The Light Bulbs Come On In Cancun

Lofty discussion is not all there is at the 2010 climate meeting in Cancun. Representatives of the 190 nations in attendance also are talking light bulbs. Specifically, incandescent bulbs.

A United Nations study released at the conference concluded the world's electrical lighting demand would fall 2% - equivalent to saving 800 million tons of emissions - if every nation switched from incandescent lamps to more energy-efficient alternatives, such as compact fluorescent lamps, according to this report in The Telegraph of London.

The study was designed to show how easy it is to cut emissions if nations took a unified approach. It also points out that simple, and often relatively inexpensive measures, can lead to big results. As we at the San Joaquin Valley Clean Energy Organization tout, energy-efficiency is the low-hanging fruit of the green-energy movement.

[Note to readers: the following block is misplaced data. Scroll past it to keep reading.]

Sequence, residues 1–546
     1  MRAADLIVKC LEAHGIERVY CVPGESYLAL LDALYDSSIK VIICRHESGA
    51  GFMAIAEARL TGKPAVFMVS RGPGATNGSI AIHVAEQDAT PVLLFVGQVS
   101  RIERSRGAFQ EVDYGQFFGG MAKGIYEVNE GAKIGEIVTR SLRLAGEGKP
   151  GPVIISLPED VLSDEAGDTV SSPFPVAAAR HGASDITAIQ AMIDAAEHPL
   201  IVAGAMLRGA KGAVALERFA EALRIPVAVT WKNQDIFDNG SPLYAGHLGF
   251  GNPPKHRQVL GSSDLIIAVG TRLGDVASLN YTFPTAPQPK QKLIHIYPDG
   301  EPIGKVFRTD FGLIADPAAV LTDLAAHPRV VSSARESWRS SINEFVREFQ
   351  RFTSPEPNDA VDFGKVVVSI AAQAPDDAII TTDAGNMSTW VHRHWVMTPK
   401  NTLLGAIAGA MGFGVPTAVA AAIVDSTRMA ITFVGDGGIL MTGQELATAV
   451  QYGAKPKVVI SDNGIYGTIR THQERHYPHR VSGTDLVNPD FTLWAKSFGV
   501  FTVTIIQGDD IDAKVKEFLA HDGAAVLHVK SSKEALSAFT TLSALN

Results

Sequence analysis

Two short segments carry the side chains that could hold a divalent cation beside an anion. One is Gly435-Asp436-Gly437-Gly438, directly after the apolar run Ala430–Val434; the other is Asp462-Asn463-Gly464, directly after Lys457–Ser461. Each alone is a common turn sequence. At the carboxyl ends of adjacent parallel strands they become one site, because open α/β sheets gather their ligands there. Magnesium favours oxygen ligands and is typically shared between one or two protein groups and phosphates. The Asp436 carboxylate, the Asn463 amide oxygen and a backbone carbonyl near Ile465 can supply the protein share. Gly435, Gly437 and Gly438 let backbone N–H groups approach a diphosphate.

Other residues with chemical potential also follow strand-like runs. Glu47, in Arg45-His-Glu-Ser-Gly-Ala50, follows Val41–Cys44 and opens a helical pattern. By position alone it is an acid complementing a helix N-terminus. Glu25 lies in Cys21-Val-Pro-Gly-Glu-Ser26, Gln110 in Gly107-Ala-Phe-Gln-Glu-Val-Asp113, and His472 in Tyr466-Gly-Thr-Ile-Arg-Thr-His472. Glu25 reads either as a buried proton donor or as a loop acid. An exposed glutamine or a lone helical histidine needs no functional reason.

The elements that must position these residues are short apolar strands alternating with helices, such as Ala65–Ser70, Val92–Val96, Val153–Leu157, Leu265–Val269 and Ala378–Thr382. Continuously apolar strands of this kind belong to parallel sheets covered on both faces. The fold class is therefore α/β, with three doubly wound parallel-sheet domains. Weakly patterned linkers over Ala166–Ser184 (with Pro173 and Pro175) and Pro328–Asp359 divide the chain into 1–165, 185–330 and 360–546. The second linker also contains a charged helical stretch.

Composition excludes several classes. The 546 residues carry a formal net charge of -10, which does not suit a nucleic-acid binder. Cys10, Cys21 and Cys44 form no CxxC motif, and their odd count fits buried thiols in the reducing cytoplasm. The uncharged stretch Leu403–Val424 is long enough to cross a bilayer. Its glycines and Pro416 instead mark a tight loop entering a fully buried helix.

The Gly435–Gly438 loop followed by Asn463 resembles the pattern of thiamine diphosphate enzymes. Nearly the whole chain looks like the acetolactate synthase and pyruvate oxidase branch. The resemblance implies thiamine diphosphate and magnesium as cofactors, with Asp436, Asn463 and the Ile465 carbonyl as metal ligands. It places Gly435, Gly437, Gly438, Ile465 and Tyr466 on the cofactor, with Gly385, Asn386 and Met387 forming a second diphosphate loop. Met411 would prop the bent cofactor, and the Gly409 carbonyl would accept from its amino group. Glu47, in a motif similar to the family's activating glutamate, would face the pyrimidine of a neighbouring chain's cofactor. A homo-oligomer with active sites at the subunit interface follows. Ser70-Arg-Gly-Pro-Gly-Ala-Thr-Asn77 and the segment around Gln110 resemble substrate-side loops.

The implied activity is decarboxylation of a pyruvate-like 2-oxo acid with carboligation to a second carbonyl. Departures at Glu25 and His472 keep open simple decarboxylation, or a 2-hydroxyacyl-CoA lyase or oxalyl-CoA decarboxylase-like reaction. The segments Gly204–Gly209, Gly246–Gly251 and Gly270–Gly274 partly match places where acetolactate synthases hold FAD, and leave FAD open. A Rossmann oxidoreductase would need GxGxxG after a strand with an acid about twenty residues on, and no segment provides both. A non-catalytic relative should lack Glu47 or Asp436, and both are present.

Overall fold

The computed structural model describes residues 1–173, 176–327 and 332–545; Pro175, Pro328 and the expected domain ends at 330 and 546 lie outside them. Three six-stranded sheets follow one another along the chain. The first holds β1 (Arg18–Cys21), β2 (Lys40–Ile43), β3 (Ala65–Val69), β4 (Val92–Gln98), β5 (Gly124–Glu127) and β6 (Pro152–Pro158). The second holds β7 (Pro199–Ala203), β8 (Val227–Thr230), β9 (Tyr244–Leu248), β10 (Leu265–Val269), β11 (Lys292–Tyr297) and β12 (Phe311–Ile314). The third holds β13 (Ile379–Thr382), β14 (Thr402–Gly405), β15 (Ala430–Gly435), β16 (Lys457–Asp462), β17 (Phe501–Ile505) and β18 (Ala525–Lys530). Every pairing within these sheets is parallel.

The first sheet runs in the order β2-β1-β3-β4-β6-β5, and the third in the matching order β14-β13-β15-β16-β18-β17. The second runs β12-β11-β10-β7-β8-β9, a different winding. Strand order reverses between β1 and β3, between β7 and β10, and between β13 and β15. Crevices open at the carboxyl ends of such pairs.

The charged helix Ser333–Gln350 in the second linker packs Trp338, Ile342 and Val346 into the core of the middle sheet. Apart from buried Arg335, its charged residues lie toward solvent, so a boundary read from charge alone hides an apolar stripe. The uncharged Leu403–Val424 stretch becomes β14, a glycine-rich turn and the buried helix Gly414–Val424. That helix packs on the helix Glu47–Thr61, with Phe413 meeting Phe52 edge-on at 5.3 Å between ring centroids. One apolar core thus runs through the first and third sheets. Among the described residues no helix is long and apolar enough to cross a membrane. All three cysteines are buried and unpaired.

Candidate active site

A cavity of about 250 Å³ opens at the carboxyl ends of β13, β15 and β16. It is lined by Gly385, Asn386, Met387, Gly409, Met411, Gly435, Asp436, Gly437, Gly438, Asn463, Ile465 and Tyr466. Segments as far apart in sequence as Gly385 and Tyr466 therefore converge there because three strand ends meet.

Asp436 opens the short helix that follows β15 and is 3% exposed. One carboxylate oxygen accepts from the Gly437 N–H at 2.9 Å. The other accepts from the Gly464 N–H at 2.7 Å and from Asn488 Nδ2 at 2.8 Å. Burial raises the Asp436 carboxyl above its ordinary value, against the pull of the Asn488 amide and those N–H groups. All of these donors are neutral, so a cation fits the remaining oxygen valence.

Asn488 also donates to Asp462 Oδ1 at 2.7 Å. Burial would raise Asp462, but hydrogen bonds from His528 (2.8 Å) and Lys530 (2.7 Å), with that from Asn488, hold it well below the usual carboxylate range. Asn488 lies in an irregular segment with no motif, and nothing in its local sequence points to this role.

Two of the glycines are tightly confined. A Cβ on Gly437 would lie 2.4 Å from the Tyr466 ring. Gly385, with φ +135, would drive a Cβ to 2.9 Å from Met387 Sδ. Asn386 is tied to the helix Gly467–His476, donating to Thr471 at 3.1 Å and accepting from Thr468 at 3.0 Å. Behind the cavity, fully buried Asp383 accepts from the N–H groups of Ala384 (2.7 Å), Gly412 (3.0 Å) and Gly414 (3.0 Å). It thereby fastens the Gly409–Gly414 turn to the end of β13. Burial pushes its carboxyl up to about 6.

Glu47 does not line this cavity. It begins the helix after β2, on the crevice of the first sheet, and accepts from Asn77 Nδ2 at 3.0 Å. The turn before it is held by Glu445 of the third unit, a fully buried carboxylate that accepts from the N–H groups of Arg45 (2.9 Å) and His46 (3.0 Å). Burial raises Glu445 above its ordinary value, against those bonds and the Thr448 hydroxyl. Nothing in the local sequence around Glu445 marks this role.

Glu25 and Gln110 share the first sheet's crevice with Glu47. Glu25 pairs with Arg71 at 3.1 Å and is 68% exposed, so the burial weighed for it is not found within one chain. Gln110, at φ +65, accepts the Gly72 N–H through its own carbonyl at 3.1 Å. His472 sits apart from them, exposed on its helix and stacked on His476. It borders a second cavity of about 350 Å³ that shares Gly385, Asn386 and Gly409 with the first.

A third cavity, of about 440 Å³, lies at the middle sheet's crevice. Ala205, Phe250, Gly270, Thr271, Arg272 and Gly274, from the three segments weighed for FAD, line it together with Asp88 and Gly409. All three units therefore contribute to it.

U.S. Energy Secretary Steven Chu takes that analogy one step further: "When it comes to saving money and growing our economy, energy efficiency isn't just low hanging fruit; it's fruit laying on the ground," he has said in interviews.

The talks, which are expected to last through Dec. 10, are being held in a hotel resort under a solar-powered roof , near a new power-generating wind turbine and in a region where beaches are eroding in part due to global warming. However, all that may have little influence in a conference where progress comes in tiny increments.

Brazil's president has basically pooh-poohed the conference, Japan stunned participants when it opposed extending the Kyoto emissions protocol (which commits major emitting countries to 1990 emission levels) and observers say the U.S. position has been weakened by mid-term elections that rolled a slew of climate-change skeptics into office.

However, Mexico's environmental minister said he is confident that agreements will be reached for a financing fund and for protection of forests. And, late today, there was some indication that the gap between China and the United States over emissions monitoring may be narrowing.

Baby steps. But at least they are forward.